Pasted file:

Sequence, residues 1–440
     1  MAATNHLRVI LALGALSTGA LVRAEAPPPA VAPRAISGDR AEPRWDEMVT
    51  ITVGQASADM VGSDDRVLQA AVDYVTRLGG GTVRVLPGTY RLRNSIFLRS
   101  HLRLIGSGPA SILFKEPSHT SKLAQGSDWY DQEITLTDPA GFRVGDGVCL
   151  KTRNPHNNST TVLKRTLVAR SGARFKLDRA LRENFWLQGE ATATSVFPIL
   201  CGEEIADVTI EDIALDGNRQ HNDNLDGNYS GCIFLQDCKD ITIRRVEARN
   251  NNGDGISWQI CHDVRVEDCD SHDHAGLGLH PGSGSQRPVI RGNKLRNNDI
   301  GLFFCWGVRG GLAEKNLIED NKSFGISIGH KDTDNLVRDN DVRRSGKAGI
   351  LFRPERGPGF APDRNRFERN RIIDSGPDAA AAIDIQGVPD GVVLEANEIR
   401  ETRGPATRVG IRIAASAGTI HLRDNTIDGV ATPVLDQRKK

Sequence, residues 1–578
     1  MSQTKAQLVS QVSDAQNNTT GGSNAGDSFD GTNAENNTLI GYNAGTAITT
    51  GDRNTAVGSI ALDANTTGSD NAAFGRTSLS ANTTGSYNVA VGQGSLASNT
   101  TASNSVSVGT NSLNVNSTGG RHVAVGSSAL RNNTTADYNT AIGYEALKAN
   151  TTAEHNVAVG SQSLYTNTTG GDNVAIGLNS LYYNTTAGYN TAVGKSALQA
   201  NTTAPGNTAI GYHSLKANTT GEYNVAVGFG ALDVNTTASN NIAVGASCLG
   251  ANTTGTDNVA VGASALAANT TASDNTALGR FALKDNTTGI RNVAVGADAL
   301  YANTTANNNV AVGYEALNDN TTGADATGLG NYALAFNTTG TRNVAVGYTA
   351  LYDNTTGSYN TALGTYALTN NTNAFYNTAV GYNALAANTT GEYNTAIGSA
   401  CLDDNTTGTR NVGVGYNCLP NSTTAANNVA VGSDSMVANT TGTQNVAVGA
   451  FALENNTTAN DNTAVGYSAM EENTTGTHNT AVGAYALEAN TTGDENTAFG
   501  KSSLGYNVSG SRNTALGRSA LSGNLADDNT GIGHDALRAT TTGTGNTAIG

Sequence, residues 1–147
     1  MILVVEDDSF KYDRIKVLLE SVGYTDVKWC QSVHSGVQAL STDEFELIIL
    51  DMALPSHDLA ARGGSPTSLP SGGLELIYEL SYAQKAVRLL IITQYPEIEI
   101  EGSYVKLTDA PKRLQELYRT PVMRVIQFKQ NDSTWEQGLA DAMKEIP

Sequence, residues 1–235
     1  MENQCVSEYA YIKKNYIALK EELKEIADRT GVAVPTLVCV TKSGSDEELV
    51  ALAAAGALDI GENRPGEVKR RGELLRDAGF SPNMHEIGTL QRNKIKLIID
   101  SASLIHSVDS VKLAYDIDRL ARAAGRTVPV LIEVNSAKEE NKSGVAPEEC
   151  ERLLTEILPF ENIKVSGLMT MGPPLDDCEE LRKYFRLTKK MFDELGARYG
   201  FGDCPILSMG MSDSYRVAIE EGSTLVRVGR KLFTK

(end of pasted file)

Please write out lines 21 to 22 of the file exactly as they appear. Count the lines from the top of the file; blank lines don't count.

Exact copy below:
   451  FALENNTTAN DNTAVGYSAM EENTTGTHNT AVGAYALEAN TTGDENTAFG
   501  KSSLGYNVSG SRNTALGRSA LSGNLADDNT GIGHDALRAT TTGTGNTAIG